Student Resources

Test your knowledge of today’s maternity care system:

Gender Studies  |  Nursing/Health Sciences  |  Sociology/Anthropology



There is a pervasive Western discourse that denies female moral agency and embodiment. Is birth a feminist issue? How does the fact that birth involves “two patients” influence perceptions of birth and the nature of maternity care? How are the process of birth and the management of maternal and infant care related to women’s rights? Feminist childbirth means different things to different people. For some, it means embracing the homebirth movement, squatting for birth, or rejecting a healthcare system that operates on a for-profit basis. For other feminists, childbirth is a social justice issue.  These feminists focus on affordable maternity care for all women, not just on a particular method of birth.

a. Consider the frequently used phrase “failure to progress” to describe when a woman’s labor has slowed down or stopped entirely. How would this phrase make you feel about your body’s abilities to do something “natural”?

b. There have been numerous philosophical musings about “the leaky body”. Menstruation, childbirth, and breastfeeding are “women’s problems”. How have these and other the female life course occurrences been discussed at your school, in your health education classes? How can such occurrences be normalized?

c. PROJECT: Start a feminist club at your school. What topics will you discuss? What speakers could you invite to give a talk? What films or articles might you watch/read/discuss?

d. PROJECT: Write an opinion piece for publication in a newspaper or magazine about whether childbirth is (or is not) a feminist issue.


Suggested Reading:

Birth is a Feminist Issue (Fraser, Ness)

Choosing Cesarean: Feminism and the politics of childbirth in the United States (Katherine Beckett)

The Body as Property: A Feminist Re-vision. (Rosalind Pollack Petchesky, Conceiving the New World Order, pages 387-406)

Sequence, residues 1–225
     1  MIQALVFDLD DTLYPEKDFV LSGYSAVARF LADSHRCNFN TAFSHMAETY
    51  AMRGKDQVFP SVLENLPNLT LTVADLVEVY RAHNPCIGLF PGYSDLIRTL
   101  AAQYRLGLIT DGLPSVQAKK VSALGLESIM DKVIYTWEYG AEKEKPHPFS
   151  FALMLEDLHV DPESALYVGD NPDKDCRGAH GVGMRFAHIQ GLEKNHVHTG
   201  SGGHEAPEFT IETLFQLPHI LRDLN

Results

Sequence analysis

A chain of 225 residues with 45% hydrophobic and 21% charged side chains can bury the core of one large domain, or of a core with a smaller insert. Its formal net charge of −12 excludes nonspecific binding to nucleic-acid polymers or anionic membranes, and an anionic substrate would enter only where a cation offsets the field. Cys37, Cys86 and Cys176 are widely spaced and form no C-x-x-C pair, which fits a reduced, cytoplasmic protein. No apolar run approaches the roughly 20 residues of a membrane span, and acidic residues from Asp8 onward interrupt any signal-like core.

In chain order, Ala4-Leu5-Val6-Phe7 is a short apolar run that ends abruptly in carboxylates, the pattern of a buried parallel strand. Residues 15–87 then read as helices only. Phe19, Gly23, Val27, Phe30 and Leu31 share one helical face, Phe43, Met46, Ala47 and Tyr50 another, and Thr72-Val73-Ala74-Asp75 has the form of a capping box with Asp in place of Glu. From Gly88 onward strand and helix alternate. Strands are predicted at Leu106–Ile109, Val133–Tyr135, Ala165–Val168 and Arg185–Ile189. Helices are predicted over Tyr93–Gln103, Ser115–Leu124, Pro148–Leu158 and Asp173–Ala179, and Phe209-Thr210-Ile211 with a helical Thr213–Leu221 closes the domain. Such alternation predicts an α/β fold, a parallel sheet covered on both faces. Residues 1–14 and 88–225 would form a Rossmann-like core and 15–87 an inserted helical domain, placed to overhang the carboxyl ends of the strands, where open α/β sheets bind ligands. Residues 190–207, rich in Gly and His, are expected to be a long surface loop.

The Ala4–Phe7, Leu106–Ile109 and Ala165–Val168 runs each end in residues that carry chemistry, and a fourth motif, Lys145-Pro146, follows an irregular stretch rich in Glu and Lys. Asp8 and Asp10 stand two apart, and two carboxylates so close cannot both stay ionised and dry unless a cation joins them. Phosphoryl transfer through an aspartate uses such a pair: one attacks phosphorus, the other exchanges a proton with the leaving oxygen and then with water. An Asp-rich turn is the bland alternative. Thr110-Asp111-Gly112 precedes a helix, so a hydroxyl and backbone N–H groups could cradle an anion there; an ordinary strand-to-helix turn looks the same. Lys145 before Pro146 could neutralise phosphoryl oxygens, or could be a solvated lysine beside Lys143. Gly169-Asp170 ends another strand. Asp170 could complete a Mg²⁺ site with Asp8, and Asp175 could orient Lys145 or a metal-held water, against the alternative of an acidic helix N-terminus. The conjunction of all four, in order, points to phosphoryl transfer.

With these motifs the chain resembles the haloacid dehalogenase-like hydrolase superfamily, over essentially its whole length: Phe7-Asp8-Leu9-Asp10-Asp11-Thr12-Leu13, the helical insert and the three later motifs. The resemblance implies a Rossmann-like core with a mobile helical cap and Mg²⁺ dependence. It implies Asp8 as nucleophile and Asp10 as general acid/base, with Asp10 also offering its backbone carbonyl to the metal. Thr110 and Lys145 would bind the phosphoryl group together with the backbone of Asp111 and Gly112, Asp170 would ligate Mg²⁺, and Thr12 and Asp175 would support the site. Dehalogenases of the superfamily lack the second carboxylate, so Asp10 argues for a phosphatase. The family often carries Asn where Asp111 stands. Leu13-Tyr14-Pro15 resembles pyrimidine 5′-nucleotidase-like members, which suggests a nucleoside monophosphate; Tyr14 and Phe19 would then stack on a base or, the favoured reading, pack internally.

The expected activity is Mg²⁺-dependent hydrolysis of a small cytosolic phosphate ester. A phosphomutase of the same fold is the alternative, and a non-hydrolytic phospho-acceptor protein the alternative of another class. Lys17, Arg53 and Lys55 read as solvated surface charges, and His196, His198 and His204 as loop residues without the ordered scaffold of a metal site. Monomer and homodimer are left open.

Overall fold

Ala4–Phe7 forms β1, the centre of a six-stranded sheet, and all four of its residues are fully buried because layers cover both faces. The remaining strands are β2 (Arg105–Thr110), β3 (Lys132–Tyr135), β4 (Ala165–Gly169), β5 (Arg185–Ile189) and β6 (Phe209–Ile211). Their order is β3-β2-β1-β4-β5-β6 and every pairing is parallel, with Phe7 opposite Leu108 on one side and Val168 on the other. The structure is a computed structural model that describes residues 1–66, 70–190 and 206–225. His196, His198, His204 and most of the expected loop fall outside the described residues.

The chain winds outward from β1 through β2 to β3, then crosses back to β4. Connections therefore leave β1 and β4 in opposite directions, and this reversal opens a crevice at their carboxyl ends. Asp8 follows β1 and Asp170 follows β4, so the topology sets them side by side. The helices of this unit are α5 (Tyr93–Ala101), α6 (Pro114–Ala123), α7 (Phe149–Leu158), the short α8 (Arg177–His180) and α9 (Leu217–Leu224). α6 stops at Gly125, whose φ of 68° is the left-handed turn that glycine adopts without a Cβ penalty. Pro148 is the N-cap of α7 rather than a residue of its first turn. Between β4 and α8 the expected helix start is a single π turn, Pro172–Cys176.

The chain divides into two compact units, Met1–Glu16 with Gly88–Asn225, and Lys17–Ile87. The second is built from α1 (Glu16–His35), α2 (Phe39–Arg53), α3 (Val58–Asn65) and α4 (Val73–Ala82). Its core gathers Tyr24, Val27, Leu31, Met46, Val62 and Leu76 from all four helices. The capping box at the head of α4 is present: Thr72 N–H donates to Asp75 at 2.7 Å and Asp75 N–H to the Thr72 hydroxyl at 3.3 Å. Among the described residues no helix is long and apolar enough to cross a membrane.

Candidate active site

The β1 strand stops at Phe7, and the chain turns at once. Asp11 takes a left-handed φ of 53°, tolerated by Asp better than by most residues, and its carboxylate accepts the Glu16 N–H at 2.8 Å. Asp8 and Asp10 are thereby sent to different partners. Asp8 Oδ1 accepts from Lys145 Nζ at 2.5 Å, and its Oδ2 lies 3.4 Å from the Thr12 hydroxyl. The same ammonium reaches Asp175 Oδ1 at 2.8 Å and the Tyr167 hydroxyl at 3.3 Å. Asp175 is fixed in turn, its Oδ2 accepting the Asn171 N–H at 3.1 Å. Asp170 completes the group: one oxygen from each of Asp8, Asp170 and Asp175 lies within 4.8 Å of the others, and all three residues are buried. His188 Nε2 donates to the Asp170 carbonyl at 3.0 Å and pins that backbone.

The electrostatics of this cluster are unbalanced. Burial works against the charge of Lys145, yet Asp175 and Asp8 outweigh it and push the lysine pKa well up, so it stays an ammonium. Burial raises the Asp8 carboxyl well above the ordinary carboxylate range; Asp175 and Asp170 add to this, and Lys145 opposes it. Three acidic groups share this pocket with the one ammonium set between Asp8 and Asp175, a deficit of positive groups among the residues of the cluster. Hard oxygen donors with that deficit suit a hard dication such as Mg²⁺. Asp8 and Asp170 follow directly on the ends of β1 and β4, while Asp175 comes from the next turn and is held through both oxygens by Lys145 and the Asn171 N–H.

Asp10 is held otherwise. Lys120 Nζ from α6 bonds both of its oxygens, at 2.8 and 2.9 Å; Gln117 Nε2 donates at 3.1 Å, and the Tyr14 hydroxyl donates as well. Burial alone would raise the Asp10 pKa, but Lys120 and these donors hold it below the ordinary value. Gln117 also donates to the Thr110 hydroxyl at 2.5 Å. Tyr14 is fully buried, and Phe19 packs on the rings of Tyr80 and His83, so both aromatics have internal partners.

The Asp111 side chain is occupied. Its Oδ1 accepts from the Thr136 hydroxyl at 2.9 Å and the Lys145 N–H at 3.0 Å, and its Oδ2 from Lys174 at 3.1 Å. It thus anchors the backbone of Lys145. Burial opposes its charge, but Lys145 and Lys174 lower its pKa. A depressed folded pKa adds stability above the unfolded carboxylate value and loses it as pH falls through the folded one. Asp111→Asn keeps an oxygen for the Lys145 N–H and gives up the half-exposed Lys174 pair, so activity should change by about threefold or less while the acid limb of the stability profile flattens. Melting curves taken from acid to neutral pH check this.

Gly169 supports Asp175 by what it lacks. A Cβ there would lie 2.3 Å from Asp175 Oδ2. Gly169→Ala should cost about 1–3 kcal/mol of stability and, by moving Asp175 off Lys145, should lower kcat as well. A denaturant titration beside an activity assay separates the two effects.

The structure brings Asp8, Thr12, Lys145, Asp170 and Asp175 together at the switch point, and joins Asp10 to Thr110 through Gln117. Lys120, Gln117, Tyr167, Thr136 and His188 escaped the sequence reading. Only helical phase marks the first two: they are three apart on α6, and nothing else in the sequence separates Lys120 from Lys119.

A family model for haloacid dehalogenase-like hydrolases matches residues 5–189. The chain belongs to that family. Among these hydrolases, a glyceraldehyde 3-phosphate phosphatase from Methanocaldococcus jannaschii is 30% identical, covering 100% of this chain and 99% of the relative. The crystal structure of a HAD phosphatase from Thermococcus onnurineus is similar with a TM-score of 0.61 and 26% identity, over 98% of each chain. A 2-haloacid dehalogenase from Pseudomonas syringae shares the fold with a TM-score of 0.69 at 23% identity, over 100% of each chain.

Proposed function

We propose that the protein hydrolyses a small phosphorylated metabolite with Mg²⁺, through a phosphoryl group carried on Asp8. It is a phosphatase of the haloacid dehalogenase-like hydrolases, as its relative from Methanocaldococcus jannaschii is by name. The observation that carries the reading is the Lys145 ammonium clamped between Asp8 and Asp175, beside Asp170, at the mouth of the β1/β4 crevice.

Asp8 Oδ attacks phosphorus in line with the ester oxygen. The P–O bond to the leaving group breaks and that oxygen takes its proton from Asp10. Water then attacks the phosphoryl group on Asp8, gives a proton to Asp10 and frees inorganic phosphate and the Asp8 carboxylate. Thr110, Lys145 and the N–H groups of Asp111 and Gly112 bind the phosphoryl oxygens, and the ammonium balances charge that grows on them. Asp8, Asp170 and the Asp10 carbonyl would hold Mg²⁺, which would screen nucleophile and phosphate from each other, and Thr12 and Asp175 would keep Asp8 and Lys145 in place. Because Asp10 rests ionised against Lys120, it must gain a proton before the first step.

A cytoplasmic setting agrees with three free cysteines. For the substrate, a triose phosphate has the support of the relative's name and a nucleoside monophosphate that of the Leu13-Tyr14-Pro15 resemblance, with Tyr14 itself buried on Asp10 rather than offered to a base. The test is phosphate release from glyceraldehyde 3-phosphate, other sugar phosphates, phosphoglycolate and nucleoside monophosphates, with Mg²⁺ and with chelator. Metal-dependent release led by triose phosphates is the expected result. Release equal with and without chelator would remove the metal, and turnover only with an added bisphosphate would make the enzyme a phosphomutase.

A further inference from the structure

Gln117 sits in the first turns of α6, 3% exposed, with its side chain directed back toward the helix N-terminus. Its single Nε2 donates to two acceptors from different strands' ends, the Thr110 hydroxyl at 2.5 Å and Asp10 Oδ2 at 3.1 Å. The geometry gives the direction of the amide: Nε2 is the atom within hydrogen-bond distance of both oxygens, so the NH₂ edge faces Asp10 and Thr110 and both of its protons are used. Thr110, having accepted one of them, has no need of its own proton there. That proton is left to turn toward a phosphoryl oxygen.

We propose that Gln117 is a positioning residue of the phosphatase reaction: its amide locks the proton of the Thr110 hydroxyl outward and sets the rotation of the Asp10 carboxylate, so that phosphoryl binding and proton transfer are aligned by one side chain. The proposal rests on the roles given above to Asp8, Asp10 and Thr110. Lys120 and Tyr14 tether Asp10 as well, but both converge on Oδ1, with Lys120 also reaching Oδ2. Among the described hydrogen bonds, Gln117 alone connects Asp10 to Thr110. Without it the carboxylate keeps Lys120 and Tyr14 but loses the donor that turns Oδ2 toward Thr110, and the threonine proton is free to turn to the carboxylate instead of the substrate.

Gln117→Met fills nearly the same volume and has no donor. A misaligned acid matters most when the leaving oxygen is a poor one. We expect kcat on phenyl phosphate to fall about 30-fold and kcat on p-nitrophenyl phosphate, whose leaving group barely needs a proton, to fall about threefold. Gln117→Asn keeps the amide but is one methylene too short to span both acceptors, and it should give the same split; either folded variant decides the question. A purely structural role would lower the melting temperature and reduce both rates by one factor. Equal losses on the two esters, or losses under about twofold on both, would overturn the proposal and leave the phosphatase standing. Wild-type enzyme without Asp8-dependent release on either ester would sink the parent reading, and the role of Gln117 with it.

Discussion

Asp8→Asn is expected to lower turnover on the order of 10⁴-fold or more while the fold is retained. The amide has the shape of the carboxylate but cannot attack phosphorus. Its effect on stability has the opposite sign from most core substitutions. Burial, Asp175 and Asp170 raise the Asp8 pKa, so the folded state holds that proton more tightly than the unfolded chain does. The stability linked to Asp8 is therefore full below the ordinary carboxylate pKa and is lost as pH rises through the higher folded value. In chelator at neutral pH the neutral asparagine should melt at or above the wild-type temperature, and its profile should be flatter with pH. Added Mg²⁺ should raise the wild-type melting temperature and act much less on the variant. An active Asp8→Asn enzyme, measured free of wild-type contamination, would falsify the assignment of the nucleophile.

Birthing And Anesthesia: The Debate Over Twilight Sleep. (Leavitt, J. W. Signs: Journal of Women in Culture and Society, 6(1), 147)

Abortion and Birth, Together (Quart, A., 2014, June 14, The New York Times)

“They should not breed”: feminism, disability and reproductive rights. (Sayce, L., & Perkins, R. (2002). Off Our Backs: A Women’s Newsjournal, Vol. 32, 18-24)

The Egg And The Sperm: How Science Has Constructed A Romance Based On Stereotypical Male-Female Roles. (Martin, E. (1991). Signs: Journal of Women in Culture and Society, 16(3).

In Labor: Women and Power in the Birth Place (Barbara Katz Rothman)

Women Centered Pregnancy and Birth (Ginny Cassidy-Brinn, R.N., Francie Hornstein, and Carol Downer)


How does the passage of the Affordable Care Act influence maternity care in the US? Should maternity care be an issue for policy makers? What should the state government’s role be in the regulation of maternity care and home birth? What should the federal government’s role be?

a. The midwifery model of care sees birth primarily as a normal, healthy process that the body is capable of completing with minimal intervention. The obstetric model of care sees birth as a series of potential complications to be identified and managed. How do you see birth, and why? Is one model of care better than the other, or do they both have a place in the care of pregnant women? Relate this to other medical specialties (i.e. family practice doctors compared to internal medicine specialists, or nutritionists compared to cardiologists).

b. Merriam-Webster defines “iatrogenic” as “induced inadvertently by a physician or surgeon or by medical treatment or diagnostic procedures.” How might one prevent iatrogenic complications during pregnancy and childbirth? How does this relate to the overuse of technology (such as cesarean section, induction, medical pain reduction) during childbirth?

c. PROJECT: Choose a childbirth intervention commonly practiced (medical induction with cytotec/misoprostol/cervadil, labor augmentation with Pitocin, epidural use for pain management, electronic fetal monitoring) and research the uses of the intervention, the side effects (if any) and the risks involved (both long term and short term).

d. Familiarize yourself with Dr. Gene Declercq’s presentation “Birth By The Numbers” and hypothesize why evidence-based care isn’t always being delivered in U.S. maternity hospitals.


Suggested Reading:

The Farmer and the Obstetrician (Michael Odent)

Mainstreaming Midwives: The Politics of Change (Robbie Davis-Floyd and Christine Barbara Johnson)

How We Do Harm: A Doctor Breaks Ranks About Being Sick in America (Brawley, Otis Webb)

Has the Medicalization of Childbirth Gone Too Far? (Richard Johanson, Mary Newburn, Alison Macfarlane)

Obesity, obstetric complications and cesarean delivery rate–a population-based screening study (Weiss, Malone, Emig, Ball, Nyberg, Comstock, Saade, Eddleman, Carter, Craigo, Carr, D’Alton)

Health reform: Implications for women’s access to coverage and care (Kaiser Family Foundation)